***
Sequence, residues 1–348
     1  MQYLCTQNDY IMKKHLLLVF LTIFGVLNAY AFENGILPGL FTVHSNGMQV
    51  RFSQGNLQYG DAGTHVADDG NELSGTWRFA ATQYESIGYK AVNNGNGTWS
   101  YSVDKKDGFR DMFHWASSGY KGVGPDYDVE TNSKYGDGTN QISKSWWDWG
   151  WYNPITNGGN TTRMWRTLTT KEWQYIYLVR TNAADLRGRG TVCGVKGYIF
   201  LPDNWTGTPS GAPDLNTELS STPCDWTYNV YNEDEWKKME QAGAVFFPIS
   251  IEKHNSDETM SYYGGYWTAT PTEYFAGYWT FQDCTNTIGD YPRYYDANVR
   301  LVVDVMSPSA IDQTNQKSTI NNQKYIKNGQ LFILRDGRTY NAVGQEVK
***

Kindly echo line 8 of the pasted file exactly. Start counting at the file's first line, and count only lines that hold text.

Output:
   301  LVVDVMSPSA IDQTNQKSTI NNQKYIKNGQ LFILRDGRTY NAVGQEVK